SEC Charges Prominent Jewish Philanthropist Leon Cooperman With Insider Trading

The Securities and Exchange Commission slapped billionaire hedge fund founder Leon Cooperman with insider trading charges on Wednesday, saying he made “illicit profits” on trades based on confidential information.

Cooperman and Omega Advisors — the fund he founded in 1991 — profited off of trades made based on details learned as one of the largest shareholders of Atlas Pipeline Partners, officials say.

According to the SEC’s complaint, Cooperman and Omega bought up Atlas Pipeline securities despite agreeing not to use confidential, non-public information about an upcoming sale of an Atlas natural gas processing plant in Elk City, Okla. When the sale was announced, Atlas shares soared 31%, the SEC says.

When the SEC subpoenaed Omega about the trades, Cooperman contacted an Atlas executive to make up a story to tell if questioned about the activity, the SEC alleges.

The Atlas executive “was shocked and angered” upon learning Cooperman had made trades in advance of the sale’s announcement, the SEC says.

“We allege that hedge fund manager Cooperman, who as a large APL shareholder obtained access to confidential corporate information, abused that access by trading on this information,” said Andrew Ceresney, the director of the SEC’s enforcement division, in a statement.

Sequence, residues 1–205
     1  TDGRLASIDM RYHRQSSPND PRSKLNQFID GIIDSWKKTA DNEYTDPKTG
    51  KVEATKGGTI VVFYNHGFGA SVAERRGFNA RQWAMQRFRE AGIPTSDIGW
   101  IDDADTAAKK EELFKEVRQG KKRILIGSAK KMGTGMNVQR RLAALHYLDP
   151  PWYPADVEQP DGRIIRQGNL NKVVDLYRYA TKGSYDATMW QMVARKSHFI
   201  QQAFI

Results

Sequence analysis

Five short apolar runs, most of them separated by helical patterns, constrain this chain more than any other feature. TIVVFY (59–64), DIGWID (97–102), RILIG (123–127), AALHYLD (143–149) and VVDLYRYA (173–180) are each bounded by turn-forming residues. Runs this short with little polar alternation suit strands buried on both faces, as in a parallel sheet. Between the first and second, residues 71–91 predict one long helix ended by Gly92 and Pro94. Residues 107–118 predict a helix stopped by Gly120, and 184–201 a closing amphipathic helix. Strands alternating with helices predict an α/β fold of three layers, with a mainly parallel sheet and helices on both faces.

“By doing so, he allegedly undermined the public confidence in the securities markets and took advantage of other investors who did not have this information.”

The SEC complaint also alleges Cooperman violated federal securities laws more than 40 times by failing to report information about holdings and transactions in securities of publicly traded companies that he beneficially owned in a timely matter.

Cooperman maintains that he is innocent. “The insider trading allegations against Mr. Cooperman are entirely baseless,” said his attorneys at Paul, Weiss, Rifkind, Wharton & Garrison in New York in a statement sent to USA TODAY. “Mr. Cooperman acted appropriately at all times and did nothing wrong.

We intend to vigorously defend against the charges and will not allow the SEC to tarnish the legacy Mr. Cooperman has built over the course of a legendary career spanning five decades.”

Before founding Omega Advisors, Cooperman spent 25 years at Goldman Sachs, where he became a general partner and was Goldman Sachs Asset Management chairman and CEO.

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